Grapefruits are a nutritional powerhouse that provide vitamin C and folate, two nutrients that have antioxidant and anti-inflammatory benefits. One half of a grapefruit contains 43 calories, 10.7 grams of carbohydrates, and 2 grams of fiber.
Tips for Eating Fruit With Diabetes
People who have type 2 diabetes can include fruit in their healthy diet plan. However, not all fruit is the same. Talk to your healthcare provider about these tips for including fruit without sabotaging your blood sugar balance.
Dietary guidelines for health recommend 1.5-2 cups of fruits per day and 2-3 cups of vegetables. Fruits and vegetables provide antioxidants and fiber that support overall health and blood sugar control in type 2 diabetes. At the same time, consuming too much fruit can contribute to blood glucose problems. So watch your portions and round out your diet with vegetables, whole grains, healthy fat, and protein.
Eat fresh vs frozen vs canned
Fresh fruit is the least likely to be problematic for people with type 2 diabetes. Frozen fruits can be a good option, too, as long as they do not contain added sugars. Canned fruits are typically cooked, which can increase the sugar content, and may be preserved in added sugars or other ingredients that can worsen the impact to blood sugar levels.
Avoid fruit juice
Fruit can provide important nutrients, including vitamins. However, fruit juice tends to be low in fiber and high in sugar. Plus, many juices are prepared from concentrate and may contain added sugars or other ingredients that aren’t derived from fruit. These “juices” can be as bad for blood sugar as soda or other sugar-sweetened beverages. To get the health benefits of fruit, consume fresh or frozen options without added ingredients.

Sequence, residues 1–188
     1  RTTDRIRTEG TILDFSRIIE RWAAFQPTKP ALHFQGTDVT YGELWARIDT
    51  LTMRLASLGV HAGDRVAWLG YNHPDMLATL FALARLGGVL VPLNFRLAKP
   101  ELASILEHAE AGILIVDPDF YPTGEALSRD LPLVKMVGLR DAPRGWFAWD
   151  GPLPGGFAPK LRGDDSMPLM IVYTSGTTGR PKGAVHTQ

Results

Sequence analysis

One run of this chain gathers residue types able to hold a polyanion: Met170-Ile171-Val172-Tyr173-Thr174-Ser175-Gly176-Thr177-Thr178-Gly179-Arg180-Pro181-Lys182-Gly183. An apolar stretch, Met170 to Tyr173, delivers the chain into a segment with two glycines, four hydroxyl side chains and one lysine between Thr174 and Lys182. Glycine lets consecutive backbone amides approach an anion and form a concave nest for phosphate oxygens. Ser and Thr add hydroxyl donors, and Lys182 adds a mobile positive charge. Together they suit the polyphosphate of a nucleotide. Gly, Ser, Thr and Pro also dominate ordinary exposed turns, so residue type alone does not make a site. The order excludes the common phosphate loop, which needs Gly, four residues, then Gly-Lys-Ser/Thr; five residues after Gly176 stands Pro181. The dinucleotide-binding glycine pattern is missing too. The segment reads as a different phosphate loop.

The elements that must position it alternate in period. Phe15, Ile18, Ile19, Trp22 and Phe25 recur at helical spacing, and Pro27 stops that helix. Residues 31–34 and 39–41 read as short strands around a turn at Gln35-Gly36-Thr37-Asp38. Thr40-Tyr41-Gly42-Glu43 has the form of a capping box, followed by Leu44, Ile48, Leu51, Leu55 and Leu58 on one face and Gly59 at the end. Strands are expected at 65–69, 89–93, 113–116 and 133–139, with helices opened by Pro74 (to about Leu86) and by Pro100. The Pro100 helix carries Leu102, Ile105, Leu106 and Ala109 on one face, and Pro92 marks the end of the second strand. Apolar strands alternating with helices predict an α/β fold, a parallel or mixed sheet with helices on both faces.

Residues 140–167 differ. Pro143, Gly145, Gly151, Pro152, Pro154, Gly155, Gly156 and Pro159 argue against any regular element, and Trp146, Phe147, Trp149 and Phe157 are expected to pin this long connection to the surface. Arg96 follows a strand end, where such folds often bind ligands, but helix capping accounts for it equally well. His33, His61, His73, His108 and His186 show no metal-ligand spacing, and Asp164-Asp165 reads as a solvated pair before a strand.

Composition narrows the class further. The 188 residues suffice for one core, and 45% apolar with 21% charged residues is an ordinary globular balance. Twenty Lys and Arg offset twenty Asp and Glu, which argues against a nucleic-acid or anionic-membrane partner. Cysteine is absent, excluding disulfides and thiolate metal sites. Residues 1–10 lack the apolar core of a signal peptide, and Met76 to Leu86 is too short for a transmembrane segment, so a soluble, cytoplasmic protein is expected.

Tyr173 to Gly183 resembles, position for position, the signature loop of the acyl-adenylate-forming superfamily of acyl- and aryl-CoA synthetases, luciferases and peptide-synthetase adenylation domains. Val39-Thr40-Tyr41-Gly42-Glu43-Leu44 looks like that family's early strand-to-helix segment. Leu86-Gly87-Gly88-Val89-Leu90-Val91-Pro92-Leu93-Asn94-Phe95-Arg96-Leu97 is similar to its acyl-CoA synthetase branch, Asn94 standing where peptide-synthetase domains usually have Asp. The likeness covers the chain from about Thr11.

Read the label for packaged fruits
Read food labels on fruit or any food products to check for added sugars. Dried fruit especially can be bad for blood sugar. Not only do dried fruits contain more natural sugars, most of them contain added sugars to enhance the flavor. Even small portions of dried fruits like mango, figs, or dates can have a significant negative effect on blood glucose levels.
Fruit is a healthy part of a balanced diet. When it comes to type 2 diabetes, you don’t have to stop eating fruit. Instead, choose fresh fruit options that are lower in carbohydrates and contain fiber. Balance fruit with non-starchy vegetables and other important food groups.
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Frequently Asked Questions
K Health articles are all written and reviewed by MDs, PhDs, NPs, or PharmDs and are for informational purposes only. This information does not constitute and should not be relied on for professional medical advice. Always talk to your doctor about the risks and benefits of any treatment.
K Health has strict sourcing guidelines and relies on peer-reviewed studies, academic research institutions, and medical associations. We avoid using tertiary references.